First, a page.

Prepare Your Wood-Burning Fireplace for Winter
Every editorial product is independently selected, though we may be compensated or receive an affiliate commission if you buy something through our links. Ratings and prices are accurate and items are in stock as of time of publication.
Before you light up those logs this winter, make sure you properly prepare your wood-burning fireplace.
There’s nothing like a toasty fire on a cold winter’s night. But before you light up your wood-burning fireplace this season, make sure your fireplace is properly prepped. Otherwise, you could risk severe damage to your chimney and home.
According to the National Fire Protection Association (NFPA), failure to properly clean chimneys was one of the leading factors contributing to house fires caused by home heating equipment. Chimney fires are mainly caused by creosote, a highly flammable residue that builds up in the flue that lines the chimney. If the internal flue temperature gets hot enough or sparks reach the creosote, it can ignite a chimney fire. This is why the NFPA recommends homeowners sweep chimneys at least once a year, at the beginning of winter, to remove creosote and other debris.
Here’s what to do to prepare your wood-burning fireplace for winter.
Clean Out the Hearth
If mounds of ash and residue remain in the hearth or fireplace floor, it’s time to clean them out.
Before you vacuum the ash, use a shovel to scoop out any residual wood chips or logs. Keeping your wood-burning fireplace free of ash will improve airflow for a good burn and helps reduce allergens and odors from the burnt wood fibers.
It may be tempting to reach for your household vacuum. However, you should only use an ash vacuum when cleaning your wood-burning fireplace. Anything else will send those tiny ash particles into the air. Although there’s no fire risk when vacuuming ash left from last winter, there is a risk if you attempt to vacuum hot ash.
Inspect the Chimney
Besides cleaning, take a good look at the chimney’s structure. A certified chimney sweep looks for creosote buildup, cracked or missing flue tiles, cracks in exterior masonry, missing bricks and damage to the chimney cap or the roof. It’s also important to inspect the damper that controls airflow in and out of the chimney to ensure it opens and closes smoothly.
And make sure there are no holes in the mesh screen or fireplace doors. If any of these issues are not properly addressed, you risk serious damage to your chimney and home.
Sweep Down the Walls
If you burn a lot in the winter, learning how to sweep your own chimney can save you time. That way you don’t have to always wait for an appointment from a pro. And, of course, you’ll save money.
You’re going to work from the top down, so you must be able to safely get on your roof. With the fireplace door closed and damper open, start by removing the cap and connect the chimney cleaning brush to the end of one extension rod. Insert the brush into the flue, pushing it down and scrubbing up and down as you go. Continue to add extension rods, scrubbing the sides until you reach the bottom.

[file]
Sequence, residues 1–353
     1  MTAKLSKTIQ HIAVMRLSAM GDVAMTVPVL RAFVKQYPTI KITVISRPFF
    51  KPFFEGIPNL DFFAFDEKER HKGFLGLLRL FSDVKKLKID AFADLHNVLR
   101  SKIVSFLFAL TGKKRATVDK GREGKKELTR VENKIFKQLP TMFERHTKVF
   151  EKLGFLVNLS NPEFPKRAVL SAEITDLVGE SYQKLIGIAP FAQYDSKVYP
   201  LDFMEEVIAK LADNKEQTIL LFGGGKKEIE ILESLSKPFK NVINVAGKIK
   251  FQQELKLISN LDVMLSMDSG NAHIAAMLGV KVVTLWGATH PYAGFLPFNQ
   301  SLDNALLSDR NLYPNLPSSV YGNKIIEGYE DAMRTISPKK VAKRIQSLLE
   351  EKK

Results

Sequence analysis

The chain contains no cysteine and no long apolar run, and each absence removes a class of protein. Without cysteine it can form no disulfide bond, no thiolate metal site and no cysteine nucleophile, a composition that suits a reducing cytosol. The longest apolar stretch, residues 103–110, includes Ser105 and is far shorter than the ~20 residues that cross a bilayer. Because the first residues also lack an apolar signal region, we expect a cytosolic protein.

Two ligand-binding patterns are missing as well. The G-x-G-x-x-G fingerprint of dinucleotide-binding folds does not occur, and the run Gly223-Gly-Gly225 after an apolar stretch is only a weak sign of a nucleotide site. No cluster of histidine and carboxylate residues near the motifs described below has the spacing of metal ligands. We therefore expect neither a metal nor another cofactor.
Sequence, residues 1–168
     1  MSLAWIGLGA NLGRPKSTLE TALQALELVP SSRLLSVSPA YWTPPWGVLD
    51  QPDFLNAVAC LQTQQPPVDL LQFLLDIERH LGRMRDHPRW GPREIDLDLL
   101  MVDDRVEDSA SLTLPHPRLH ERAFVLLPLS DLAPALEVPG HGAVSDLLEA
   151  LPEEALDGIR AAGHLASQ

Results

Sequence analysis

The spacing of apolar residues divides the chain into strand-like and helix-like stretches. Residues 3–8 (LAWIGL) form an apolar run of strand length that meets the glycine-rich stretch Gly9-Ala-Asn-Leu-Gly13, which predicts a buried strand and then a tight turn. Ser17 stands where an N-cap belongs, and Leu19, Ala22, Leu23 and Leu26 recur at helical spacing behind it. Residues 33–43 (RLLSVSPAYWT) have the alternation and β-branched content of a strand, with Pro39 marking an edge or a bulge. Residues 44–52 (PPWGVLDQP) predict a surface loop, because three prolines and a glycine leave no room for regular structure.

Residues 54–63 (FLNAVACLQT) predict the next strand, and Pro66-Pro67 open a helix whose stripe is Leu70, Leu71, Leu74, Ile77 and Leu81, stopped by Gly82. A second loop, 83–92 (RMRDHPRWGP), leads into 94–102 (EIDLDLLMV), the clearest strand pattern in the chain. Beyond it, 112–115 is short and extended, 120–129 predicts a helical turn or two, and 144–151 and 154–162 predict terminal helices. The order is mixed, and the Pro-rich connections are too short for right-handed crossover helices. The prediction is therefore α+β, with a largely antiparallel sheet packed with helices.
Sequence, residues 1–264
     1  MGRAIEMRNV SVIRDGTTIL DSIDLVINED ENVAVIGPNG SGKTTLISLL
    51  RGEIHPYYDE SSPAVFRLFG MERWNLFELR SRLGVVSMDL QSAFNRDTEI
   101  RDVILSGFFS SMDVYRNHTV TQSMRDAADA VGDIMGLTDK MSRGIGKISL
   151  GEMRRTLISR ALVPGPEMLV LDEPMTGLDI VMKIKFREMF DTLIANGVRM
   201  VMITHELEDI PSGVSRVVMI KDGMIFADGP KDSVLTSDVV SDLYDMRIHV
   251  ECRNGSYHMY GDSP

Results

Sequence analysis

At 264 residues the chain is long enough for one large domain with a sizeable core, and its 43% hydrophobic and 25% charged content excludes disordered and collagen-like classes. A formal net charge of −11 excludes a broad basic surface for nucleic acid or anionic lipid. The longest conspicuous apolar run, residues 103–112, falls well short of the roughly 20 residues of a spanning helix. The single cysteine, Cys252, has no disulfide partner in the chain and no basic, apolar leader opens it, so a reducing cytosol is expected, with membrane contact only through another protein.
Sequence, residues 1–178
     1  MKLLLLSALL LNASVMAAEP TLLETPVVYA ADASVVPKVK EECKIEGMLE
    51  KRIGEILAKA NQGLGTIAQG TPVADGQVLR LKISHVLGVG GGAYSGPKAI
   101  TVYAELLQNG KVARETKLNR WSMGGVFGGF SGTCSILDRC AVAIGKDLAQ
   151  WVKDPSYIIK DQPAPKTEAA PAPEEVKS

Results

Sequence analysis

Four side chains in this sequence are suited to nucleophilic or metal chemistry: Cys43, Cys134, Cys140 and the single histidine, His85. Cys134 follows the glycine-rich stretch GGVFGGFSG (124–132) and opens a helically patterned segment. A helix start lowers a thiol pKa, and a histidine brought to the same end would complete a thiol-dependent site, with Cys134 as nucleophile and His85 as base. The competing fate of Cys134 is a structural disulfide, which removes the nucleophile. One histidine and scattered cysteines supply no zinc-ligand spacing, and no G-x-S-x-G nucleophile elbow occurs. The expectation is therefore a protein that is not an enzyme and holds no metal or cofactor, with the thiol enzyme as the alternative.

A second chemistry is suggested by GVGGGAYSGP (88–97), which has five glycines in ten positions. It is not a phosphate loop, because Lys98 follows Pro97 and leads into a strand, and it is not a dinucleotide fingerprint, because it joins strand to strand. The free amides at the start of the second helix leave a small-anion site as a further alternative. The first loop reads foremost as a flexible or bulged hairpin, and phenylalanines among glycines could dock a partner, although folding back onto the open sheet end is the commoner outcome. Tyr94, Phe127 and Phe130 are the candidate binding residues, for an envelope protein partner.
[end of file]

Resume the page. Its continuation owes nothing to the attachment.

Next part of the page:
Use a bright flashlight to inspect the inside of the chimney. If you still see creosote (the black/brown residue that can be crusty and flaky, tar-like or even shiny and hardened), then repeat the process until all the creosote is gone.
Inspect or Install a Chimney Cap and Screen
Chimney caps are protective coverings that go over the top of your chimney, usually made of steel or copper mesh. On top of the mesh ring is a cap that helps protect your chimney from rain and downdrafts.
Common problems include moisture and animals getting into the chimney, missing guards and rust. If you already have a cap, make sure it’s not damaged. If you need a new one, get the right measurements for your chimney so you can buy a replacement cap that fits properly.
Tools and Tips
Only use an ash vacuum: The Plow & Hearth Heavy-Duty, Heat-Resistant Fireplace Warm Ash Vacuum is made from stainless steal, has metal lined hose and can handle ash up to 140 degrees F.
Buy the right brush: Examine your chimney and decide which brush is right for you. Use a metal-bristle brush for a clay flue liner and a brush with plastic bristles for a metal liner. Make sure the brush has enough cleaning rods to go the entire length of the flue.
Tarps, sheets and duct tape: To stop ash from blowing into the house if you are sweeping the chimney, duct tape poly sheeting over the wood-burning fireplace and insert the ash vacuum hose. Seal around the fireplace with duct tape.
Dress the part: Wear old clothes, as they’re going to get dirty. Wear a mask to ensure you don’t breathe in any ash or soot and don’t forget goggles and gloves. Use a headlight flashlight to light your way.
Measure creosote build up: Take a metal poker and scratch the surface of the flue. If the scratch is 1/8-in. deep or less, you can DIY the chimney sweep. If it’s deeper or has a shiny, tar-like appearance, you have heavy creosote buildup.
Time to Call the Professionals
If creosote buildup is thicker than 1/8 inch, if you can’t reach all areas of the flue, if you can’t gain access to the cap because of the pitch and height of your roof, if damage to the bricks and mortar are severe or if you’ve never had the chimney properly inspected, call in the professionals. A certified chimney sweep can recognize chimney deterioration and venting problems, assess your chimney’s condition and fix everything before you light your first fire of the season.